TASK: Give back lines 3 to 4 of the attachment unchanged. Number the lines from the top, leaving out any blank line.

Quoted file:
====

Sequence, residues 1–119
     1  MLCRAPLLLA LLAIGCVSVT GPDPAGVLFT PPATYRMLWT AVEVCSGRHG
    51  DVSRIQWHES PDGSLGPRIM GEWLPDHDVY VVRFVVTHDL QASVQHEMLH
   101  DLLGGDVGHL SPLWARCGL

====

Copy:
    51  DVSRIQWHES PDGSLGPRIM GEWLPDHDVY VVRFVVTHDL QASVQHEMLH
   101  DLLGGDVGHL SPLWARCGL